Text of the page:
California's content standards in literary response and analysis: World-class or pseudo-literate?
In 1997, California introduced their content standards in Reading/Language Arts, touting them as “world-class” curricular statements whose implementation might require significant changes to the way schools operated. This dissertation attempts to take a multi-faceted look at California’s content standards in Literary Response and Analysis. The purpose of this analysis is to determine how effectively these standards represent best practices in literature instruction; how accurately the standards are assessed by California’s standardized tests; how (and to what degree) practicing teachers use the content standards in their daily instruction; and how California’s standards look when compared to those of another state. To that end, this dissertation consists of textual analyses of California’s content standards in Literary Response and Analysis; the California High School Exit Exam (CAHSEE); California’s Standardized Testing and Reporting assessment (STAR); and Michigan’s Grade Level Content Expectations (CE’s) in Literature and Culture, as well as an analysis of data from a series of interviews with practicing teachers. Evidence from the various textual analyses indicate that this set of twelve content standards is an unclear, terminology-heavy, and reductive version of literature study, and the way student performance of these standards is assessed on the CAHSEE and STAR is equally pseudo-literate and appears mainly to present only the façade of high standards for student success. These analyses align with the survey data collected from university English faculty, who do not see the standards representing the kind of knowledge about literature they would like their students to possess upon entering postsecondary education. The results of the teacher interviews further reinforce these findings. The interview subjects overwhelmingly admit that the content standards do not factor into their planning and instructional decisions, believing that their training and classroom experience provides them with a much clearer and more well-informed view of what their students actually need from an English/Language Arts education. Additionally, they see the content standards as being little more than a bureaucratic mandate, and that the standards are useful mainly as a way for administrators to feel they are holding teachers accountable.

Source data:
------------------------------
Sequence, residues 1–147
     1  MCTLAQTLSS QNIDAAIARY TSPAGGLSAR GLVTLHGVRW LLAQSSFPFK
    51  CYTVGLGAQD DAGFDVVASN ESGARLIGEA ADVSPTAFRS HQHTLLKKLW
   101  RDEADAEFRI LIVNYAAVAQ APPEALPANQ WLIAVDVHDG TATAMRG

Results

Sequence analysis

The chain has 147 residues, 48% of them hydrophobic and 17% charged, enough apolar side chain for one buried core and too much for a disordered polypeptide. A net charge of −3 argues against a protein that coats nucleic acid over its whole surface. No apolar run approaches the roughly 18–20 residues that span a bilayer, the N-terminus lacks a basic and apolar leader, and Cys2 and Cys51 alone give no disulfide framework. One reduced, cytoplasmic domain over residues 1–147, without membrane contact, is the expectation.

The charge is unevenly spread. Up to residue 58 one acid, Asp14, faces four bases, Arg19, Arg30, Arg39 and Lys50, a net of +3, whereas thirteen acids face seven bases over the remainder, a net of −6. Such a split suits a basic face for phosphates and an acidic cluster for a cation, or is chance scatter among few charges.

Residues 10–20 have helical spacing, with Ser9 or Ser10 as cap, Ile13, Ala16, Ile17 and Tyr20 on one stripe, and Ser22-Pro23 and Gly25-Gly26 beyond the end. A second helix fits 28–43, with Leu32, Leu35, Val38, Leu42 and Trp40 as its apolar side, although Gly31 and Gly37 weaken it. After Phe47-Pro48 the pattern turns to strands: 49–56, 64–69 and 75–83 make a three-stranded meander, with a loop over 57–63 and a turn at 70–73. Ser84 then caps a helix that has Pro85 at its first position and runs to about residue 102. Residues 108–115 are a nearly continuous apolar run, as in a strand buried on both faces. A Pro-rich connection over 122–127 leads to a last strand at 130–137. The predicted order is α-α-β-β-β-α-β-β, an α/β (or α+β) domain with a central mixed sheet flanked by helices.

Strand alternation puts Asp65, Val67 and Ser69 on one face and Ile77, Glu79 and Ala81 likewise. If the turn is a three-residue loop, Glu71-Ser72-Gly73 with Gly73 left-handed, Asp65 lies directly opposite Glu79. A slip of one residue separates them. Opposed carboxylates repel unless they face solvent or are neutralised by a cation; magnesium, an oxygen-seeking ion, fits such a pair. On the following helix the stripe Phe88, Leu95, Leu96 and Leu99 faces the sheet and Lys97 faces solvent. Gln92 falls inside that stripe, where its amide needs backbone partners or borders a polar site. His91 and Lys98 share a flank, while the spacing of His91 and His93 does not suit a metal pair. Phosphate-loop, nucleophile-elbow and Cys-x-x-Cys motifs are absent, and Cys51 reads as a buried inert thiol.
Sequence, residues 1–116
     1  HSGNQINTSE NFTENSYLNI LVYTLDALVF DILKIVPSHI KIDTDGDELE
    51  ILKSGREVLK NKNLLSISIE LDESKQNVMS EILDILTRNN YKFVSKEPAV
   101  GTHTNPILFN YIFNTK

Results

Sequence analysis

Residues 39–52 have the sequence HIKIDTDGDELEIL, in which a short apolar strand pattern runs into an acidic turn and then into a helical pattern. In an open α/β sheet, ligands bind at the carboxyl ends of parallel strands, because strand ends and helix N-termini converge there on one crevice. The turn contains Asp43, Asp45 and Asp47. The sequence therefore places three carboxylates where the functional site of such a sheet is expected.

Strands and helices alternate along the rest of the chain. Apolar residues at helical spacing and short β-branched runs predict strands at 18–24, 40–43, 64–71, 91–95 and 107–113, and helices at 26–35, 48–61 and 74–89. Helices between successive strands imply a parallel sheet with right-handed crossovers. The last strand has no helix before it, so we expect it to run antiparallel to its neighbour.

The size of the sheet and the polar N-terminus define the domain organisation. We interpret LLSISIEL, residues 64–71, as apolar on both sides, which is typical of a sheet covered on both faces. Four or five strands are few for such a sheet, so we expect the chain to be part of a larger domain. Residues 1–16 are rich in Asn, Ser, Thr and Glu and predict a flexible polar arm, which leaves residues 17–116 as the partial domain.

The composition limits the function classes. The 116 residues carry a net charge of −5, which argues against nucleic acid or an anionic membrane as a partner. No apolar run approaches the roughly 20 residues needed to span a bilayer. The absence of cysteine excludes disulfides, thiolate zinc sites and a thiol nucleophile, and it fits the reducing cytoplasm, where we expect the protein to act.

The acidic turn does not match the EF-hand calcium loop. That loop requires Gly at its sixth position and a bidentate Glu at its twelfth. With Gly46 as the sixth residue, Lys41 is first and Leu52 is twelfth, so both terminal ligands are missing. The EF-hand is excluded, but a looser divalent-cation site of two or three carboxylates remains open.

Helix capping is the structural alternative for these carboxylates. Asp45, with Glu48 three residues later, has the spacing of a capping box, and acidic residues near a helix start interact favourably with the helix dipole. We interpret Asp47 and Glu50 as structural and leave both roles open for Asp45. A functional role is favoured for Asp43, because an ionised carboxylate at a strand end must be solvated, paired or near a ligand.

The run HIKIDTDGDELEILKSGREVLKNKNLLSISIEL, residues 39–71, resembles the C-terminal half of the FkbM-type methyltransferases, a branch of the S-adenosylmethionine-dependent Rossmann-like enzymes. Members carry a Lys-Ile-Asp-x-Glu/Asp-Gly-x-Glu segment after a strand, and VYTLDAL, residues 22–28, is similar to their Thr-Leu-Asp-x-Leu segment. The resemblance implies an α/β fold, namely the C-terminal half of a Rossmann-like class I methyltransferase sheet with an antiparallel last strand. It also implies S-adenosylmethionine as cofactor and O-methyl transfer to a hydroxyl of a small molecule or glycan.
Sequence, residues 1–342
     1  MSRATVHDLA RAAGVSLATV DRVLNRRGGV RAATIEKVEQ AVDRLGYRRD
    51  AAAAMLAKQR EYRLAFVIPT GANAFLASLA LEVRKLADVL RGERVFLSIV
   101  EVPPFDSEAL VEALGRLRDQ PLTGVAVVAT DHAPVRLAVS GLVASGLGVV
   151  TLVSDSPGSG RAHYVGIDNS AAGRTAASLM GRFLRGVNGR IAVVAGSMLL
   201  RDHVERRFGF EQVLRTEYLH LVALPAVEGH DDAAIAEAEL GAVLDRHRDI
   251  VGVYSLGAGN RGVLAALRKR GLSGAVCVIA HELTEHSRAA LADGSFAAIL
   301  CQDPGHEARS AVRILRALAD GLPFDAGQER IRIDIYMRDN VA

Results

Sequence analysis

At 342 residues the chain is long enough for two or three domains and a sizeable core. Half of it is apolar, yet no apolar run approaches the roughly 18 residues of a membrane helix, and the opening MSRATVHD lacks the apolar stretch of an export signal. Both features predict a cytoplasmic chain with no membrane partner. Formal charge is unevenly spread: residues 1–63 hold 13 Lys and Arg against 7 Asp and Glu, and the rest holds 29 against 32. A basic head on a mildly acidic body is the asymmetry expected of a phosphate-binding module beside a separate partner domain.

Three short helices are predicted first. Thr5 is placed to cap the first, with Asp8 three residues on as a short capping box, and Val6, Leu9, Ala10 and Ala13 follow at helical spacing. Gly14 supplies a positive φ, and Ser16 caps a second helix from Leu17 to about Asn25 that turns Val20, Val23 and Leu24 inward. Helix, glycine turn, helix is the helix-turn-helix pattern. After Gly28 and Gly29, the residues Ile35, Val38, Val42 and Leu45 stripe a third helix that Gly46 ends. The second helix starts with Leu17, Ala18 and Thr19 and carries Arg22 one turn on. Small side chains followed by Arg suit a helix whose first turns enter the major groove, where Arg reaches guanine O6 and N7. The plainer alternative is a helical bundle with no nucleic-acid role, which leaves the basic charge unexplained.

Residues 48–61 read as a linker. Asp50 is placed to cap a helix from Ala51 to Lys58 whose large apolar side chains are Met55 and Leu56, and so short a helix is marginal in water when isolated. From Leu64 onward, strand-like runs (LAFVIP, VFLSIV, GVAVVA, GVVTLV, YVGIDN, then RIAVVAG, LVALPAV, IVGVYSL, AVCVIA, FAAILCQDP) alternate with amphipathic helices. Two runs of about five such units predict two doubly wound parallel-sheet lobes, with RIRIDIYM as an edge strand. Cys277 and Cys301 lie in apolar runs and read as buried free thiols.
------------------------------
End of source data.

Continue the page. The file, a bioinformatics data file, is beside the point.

0533: Secondary education
0535: Reading instruction
0727: Curriculum development